top of page


We are passionate about finding new homes for antique, vintage and contemporary pieces that are beautifully designed, masterfully created and enduringly desirable.

Through experience, knowledge and research we look to share the story, history and social context of individual pieces; from design origins, points of craftsmanship to materials used.


As a business we are dedicated to sustainability and invite you to help us reduce carbon production, waste and pollution by considering an older and cherished item to furnish your home.


MG portrait B&W cropped.jpg
BD portrait B&W cropped.jpg

Martin Green 

Martin’s interest in decor and furniture stems from three main sources: his love of history, an appreciation of beauty and craftsmanship and an ethical desire to recycle and re-use. Having owned and successfully run the Dorchester Curiosity Centre since it opened thirteen years ago, Martin has a broad general knowledge of antiques, furniture and collectibles and has an eye for the unusual and curious.


Robert Denton 

Bob’s passion, from an early age, for history and country ways has led him into more than 50 years of dealing in antiques. His interest in design, from the 17th century to the present day, drives his enthusiasm to collect and he has amassed a great deal of knowledge that he is happy to share.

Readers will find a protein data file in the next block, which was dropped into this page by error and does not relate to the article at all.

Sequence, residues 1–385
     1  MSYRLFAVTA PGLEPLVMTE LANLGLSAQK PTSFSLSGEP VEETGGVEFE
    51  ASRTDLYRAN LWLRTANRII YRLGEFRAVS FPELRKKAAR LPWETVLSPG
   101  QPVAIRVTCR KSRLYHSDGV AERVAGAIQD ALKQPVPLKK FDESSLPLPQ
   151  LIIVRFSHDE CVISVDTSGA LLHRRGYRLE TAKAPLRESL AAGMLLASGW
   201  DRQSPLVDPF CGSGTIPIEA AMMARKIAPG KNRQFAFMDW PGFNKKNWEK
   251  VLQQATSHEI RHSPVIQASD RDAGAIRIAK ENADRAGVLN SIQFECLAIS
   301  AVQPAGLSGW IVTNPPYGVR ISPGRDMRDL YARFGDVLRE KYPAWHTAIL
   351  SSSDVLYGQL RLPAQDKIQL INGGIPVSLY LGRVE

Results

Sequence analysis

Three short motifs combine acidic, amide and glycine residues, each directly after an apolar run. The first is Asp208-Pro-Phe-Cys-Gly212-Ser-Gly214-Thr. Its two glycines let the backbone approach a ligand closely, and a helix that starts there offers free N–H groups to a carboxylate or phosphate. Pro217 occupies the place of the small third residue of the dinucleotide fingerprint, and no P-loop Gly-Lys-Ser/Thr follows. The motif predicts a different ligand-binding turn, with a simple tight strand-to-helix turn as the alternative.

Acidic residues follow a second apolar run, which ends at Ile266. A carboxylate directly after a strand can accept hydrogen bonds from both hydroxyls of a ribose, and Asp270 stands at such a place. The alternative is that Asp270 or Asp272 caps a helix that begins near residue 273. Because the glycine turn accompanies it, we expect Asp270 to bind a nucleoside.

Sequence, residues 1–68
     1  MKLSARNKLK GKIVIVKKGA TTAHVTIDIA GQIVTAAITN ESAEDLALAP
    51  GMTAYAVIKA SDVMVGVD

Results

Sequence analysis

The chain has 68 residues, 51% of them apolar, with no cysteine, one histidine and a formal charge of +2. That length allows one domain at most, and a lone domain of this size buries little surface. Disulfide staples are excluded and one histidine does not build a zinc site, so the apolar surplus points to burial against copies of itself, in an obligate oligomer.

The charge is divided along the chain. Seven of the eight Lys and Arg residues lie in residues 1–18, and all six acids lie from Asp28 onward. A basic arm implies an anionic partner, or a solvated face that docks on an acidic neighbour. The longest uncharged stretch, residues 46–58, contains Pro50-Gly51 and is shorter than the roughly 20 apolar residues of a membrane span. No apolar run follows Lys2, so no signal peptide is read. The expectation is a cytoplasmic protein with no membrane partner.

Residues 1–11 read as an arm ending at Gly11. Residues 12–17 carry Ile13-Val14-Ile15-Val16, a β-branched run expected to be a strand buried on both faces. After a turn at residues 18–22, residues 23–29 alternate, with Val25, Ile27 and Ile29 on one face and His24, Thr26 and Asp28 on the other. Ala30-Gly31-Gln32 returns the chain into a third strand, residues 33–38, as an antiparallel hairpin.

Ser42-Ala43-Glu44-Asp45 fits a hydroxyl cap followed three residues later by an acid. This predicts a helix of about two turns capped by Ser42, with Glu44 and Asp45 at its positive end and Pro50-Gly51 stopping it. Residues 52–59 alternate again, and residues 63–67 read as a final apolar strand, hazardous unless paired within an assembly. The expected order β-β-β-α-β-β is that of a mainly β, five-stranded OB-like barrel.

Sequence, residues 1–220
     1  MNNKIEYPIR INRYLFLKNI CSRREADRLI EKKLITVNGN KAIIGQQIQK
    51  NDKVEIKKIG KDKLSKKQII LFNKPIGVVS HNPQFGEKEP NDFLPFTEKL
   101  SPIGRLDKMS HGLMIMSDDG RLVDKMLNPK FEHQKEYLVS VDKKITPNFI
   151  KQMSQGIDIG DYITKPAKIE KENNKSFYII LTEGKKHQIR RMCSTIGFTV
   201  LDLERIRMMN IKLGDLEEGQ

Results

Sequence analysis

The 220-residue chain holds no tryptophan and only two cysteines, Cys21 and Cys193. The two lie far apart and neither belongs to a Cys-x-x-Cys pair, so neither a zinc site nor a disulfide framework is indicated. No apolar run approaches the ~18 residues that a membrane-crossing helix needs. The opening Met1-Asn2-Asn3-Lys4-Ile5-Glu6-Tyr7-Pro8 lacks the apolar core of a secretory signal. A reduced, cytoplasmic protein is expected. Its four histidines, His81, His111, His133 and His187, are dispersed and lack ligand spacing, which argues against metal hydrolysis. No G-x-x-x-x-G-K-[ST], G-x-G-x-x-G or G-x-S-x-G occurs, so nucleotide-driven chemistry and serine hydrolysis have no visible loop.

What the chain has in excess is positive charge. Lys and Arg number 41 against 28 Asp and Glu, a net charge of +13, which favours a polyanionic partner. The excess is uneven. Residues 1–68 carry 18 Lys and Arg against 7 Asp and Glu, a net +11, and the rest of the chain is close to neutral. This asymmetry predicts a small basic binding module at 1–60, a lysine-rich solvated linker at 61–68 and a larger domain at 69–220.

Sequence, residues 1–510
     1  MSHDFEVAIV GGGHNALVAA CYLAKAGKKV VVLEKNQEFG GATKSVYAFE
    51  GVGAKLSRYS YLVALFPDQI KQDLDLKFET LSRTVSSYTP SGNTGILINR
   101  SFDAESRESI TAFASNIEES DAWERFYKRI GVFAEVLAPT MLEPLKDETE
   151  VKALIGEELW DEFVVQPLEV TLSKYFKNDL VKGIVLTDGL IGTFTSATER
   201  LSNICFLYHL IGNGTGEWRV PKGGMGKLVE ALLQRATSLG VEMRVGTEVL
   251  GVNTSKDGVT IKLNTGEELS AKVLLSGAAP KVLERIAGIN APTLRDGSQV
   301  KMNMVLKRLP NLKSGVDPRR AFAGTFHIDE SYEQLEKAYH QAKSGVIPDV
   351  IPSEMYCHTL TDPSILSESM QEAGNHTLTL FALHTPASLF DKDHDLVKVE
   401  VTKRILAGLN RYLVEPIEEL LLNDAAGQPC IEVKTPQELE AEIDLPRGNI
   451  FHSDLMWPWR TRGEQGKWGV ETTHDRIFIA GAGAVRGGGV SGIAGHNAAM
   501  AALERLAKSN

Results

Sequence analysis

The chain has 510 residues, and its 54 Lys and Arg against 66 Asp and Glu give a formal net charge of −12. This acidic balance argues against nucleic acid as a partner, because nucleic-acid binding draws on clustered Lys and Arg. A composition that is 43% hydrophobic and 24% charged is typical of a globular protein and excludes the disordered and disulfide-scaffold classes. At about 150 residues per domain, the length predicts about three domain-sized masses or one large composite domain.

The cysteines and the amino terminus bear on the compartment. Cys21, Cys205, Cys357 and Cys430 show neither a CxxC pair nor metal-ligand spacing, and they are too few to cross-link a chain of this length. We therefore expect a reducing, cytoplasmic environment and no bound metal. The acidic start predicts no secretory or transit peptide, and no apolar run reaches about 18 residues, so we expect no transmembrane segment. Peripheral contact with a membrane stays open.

Christine Denton 

Having been married to Bob for over fifty years, it's a good job that Chrissy also has a passion for antiques and decor! Her main interests lay in decorative glassware and oriental pieces. Chrissy also loves nothing better than bringing out the rich colours and patina in furniture.


We are honoured to be the current custodians of 63 High West Street, Dorchester (a street, town and county steeped in history).


The rear of the property comprises a two-storey timber framed, pink brick and stone coped building dating from the 17th Century.


The front aspect is early 19th Century and is over three floors. The beautiful shop front has been Grade II listed by Historic England since 1950.

bottom of page